New Study Adds Pancreatic Cancer to Soda’s List of Evils


Just in case those delectable glass-of-fat ads from the health department weren’t enough incentive, here’s yet another reason to cut back on soda: A new study claims it will put you at increased risk for pancreatic cancer.

The study, which was funded by the National Cancer Institute and published in the journal Cancer Epidemiology, Biomarkers & Prevention, tracked 60,524 men and women in the Singapore Chinese Health Study over the course of 14 years and found that those who consumed soda increased their risk of contracting pancreatic cancer by 87 percent.

The study, as the Washington Post reports, is not without its weaknesses: The total number of pancreatic cancer diagnoses was only 140 (pancreatic cancer is a very rare type of cancer, but it also has a very low survival rate), and 18 of those diagnoses were made among people who drank two or more sodas per week. Twelve cases were diagnosed among people who drank less than two, while the vast majority — 110 — were among people who didn’t drink any soda at all.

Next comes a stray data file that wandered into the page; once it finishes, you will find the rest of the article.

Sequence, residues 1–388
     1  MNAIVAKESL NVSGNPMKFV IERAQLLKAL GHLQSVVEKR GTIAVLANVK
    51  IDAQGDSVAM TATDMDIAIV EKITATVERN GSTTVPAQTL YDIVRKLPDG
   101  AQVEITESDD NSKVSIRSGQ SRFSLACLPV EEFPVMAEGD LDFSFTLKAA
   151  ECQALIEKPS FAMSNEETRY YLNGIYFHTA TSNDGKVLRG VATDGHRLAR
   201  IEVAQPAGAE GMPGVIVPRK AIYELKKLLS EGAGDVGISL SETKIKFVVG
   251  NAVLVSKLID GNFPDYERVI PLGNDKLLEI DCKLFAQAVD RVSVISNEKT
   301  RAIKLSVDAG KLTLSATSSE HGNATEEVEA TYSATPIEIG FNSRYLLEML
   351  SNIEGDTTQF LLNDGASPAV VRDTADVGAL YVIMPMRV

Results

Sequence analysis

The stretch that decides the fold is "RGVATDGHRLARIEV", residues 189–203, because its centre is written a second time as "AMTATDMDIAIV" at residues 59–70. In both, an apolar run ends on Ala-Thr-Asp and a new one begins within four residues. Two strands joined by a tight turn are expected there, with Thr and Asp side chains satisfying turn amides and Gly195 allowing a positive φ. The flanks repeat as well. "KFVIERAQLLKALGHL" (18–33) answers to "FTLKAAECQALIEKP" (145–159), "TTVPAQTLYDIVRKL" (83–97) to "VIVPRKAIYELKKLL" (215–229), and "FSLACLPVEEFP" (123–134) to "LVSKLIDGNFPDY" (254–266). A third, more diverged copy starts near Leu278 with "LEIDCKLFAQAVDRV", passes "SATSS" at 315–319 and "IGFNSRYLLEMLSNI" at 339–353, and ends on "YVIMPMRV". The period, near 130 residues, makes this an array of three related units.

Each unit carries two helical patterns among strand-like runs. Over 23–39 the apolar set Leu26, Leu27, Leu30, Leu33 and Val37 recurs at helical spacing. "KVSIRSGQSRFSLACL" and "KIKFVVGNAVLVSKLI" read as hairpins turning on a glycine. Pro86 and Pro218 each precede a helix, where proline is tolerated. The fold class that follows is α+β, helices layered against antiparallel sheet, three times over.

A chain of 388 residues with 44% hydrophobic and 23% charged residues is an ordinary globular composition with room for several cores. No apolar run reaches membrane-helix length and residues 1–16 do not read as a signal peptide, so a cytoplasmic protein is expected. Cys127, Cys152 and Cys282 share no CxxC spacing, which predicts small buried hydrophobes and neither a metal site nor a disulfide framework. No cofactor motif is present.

Furthermore, the researchers didn’t correct for other risk factors, such as a high-fat diet or chronic pancreatitis, and there was no association between pancreatic cancer and people who drank a lot of juice, which also breaks down into the sugars that raise insulin levels and are thought to encourage the development of cancerous cells.

Unsurprisingly, the American Beverage Association is not alarmed. A spokesman for the ABA told the Post that he’s going to “continue to drink soft drinks,” presumably as if job depended on it.


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